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Posts Tagged ‘irreverence’

Rubes surprised me again today with a pointer to something else that was on my mind, the whole question of of “what’s being enlightened like”:

Rubes 2/27/09

Rubes 2/27/09

This calls to mind our good friend Ikkyu, the iconoclastic Zen monk, who it’s said would go to brothels in black robes because he considered it a religious rite.  Yeah, he was a pretty wild guy.  But he also is considered to have been extremely in touch with what we call “enlightenment”.  So what’s the deal?

I think the deal is that “enlightenment” could be better phrased as “getting to see and understand the gears that make life tick”.  Rather than pursuing this understanding as something that will take you out of the world, many people see it as a way to better live in it.  The way I see it is best summed up in this Zen proverb:

This old rural monk is walking down the road to the stream, a big bundle of clothes slung over his back because it’s his turn to do the laundry.  A guy from the nearby village stops him to chat just a bit.  He’s mystified by the great spiritual work they do at the monastery, and asks him, “What is enlightenment like?”  The old monk slips the big bundle off his back and straightens up with a bit of a stretch and a deep, contented breath at the release of the burden.  The guy sighs too at the thought of it, and then excitedly asks, “Then how about after you’re enlightened? What’s life like then?”  The old monk just picks the laundry up, hoists it onto his back, and starts walking again toward the stream.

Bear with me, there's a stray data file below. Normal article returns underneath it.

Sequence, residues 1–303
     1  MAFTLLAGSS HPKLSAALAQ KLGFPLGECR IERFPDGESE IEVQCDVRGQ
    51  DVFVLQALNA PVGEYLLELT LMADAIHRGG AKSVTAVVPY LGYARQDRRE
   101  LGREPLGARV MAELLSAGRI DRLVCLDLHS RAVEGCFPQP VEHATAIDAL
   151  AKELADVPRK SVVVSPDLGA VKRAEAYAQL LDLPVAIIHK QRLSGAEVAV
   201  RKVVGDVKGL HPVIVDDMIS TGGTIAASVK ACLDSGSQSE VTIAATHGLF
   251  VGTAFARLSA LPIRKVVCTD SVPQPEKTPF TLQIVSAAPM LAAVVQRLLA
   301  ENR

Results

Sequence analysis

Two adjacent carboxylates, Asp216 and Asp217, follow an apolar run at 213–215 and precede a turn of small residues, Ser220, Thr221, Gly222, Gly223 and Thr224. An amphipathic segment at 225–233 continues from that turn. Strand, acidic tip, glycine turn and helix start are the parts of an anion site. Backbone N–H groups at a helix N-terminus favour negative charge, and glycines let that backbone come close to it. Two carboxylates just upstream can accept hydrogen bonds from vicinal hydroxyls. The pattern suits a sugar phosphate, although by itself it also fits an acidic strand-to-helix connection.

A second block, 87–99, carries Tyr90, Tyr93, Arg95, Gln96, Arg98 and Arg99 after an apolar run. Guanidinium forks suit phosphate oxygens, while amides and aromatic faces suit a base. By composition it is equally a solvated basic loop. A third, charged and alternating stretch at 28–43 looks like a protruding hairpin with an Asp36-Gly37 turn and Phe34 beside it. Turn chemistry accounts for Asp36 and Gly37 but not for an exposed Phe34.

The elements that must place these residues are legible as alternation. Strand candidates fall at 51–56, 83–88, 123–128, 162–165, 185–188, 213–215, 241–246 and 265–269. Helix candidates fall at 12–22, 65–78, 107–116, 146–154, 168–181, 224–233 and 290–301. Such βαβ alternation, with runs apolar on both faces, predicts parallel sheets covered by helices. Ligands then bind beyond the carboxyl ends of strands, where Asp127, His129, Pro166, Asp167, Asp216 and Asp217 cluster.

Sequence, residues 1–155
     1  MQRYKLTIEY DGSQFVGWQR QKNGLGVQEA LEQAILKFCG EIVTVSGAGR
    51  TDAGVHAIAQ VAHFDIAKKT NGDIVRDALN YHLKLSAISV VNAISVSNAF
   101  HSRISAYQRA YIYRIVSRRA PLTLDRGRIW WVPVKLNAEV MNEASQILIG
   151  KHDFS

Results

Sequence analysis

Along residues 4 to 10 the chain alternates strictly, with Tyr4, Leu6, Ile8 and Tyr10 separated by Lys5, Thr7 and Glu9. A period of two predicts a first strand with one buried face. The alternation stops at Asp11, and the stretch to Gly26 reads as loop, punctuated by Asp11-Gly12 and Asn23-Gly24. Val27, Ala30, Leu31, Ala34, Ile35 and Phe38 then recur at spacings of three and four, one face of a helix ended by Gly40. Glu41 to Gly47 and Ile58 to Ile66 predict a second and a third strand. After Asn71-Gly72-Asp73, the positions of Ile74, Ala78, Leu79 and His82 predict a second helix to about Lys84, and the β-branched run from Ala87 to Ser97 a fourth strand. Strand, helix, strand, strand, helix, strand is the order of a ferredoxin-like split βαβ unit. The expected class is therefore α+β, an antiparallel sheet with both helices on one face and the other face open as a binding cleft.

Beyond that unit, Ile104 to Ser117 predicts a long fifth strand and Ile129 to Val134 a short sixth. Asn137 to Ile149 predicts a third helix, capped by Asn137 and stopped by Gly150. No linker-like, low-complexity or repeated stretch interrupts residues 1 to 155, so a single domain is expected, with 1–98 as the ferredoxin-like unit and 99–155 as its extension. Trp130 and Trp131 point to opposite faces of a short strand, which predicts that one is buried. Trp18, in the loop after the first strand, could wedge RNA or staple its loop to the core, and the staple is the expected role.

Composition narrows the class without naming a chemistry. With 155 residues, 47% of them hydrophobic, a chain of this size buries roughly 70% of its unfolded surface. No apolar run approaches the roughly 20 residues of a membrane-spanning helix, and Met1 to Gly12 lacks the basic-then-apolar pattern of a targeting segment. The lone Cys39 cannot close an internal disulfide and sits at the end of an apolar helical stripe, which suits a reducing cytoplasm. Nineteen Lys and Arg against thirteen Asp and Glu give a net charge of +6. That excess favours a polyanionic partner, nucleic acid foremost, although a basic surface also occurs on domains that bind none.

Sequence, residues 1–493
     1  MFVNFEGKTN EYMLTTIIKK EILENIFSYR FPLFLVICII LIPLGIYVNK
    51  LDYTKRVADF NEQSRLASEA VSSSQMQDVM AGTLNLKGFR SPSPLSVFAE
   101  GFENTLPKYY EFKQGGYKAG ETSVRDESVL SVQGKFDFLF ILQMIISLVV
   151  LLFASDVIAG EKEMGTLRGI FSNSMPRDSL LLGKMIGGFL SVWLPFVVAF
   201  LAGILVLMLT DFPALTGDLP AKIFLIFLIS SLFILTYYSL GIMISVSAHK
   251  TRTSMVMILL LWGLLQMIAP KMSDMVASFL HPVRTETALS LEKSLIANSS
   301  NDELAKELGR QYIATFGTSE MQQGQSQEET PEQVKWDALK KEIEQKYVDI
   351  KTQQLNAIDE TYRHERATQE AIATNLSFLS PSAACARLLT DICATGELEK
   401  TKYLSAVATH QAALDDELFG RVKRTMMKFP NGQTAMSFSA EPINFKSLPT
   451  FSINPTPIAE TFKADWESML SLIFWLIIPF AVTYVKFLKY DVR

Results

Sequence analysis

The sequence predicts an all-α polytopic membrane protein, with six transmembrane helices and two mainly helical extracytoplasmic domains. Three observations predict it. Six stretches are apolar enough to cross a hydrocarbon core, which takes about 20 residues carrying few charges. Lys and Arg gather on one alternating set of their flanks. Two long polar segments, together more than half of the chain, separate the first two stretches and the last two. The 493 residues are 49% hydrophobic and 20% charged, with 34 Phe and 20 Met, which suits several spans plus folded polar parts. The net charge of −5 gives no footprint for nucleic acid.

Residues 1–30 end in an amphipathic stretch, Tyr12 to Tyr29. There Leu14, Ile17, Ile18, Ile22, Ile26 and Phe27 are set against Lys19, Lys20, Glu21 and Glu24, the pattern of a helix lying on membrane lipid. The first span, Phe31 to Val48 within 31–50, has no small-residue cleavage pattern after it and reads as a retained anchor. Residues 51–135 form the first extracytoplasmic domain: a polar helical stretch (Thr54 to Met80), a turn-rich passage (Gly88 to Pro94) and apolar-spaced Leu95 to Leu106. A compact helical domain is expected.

Hence the saying, “After enlightenment, the laundry.”

To me that is totally the point of “enlightenment”. It’s not this otherwordly sense of disembodiedness from the toils and trials of everyday life, more like an understanding of what it’s all about for you, so the toils and trials aren’t quite so miserable.  Shines a light on the ordinary so you can better see the miraculous in it, and illuminating the miraculous so you can recognize how very everyday it is.   There’s even another saying for that:

“When an ordinary man attains knowledge, he is a sage; when a sage attains understanding, he is an ordinary man.”

Hopefully that makes “enlightenment” sound more like something you can actually reach for, and actually use in your life.  Sometimes it’s a lot easier to figure stuff out if you can get into some kind of hermitage or retreat and disconnect from all the hangups and static noise of daily life.  You know, step back so you can see it all better.  But once you get that understanding, the real work of ‘enlightenment’ is then getting right back into the business of living.

That’s the hard part, going back into situations that were stressful while carrying with you the strong resonance of inner serenity.  Hard as it is though, the world needs it. The books and sages don’t need your light. We do. I think that’s the whole point.

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